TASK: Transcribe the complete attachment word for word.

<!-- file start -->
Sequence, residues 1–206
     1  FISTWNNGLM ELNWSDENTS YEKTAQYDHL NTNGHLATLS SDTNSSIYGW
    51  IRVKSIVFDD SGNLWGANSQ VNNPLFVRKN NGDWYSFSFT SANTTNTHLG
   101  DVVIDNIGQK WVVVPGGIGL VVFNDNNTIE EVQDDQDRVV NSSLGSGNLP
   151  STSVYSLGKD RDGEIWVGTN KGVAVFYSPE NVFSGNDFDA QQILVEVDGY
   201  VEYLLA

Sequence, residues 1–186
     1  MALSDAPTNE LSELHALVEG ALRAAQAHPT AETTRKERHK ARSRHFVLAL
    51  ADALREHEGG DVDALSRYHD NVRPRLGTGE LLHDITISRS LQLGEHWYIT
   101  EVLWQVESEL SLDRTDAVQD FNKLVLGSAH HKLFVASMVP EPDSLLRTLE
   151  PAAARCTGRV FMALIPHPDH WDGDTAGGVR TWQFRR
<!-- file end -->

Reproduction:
Sequence, residues 1–206
     1  FISTWNNGLM ELNWSDENTS YEKTAQYDHL NTNGHLATLS SDTNSSIYGW
    51  IRVKSIVFDD SGNLWGANSQ VNNPLFVRKN NGDWYSFSFT SANTTNTHLG
   101  DVVIDNIGQK WVVVPGGIGL VVFNDNNTIE EVQDDQDRVV NSSLGSGNLP
   151  STSVYSLGKD RDGEIWVGTN KGVAVFYSPE NVFSGNDFDA QQILVEVDGY
   201  VEYLLA

Sequence, residues 1–186
     1  MALSDAPTNE LSELHALVEG ALRAAQAHPT AETTRKERHK ARSRHFVLAL
    51  ADALREHEGG DVDALSRYHD NVRPRLGTGE LLHDITISRS LQLGEHWYIT
   101  EVLWQVESEL SLDRTDAVQD FNKLVLGSAH HKLFVASMVP EPDSLLRTLE
   151  PAAARCTGRV FMALIPHPDH WDGDTAGGVR TWQFRR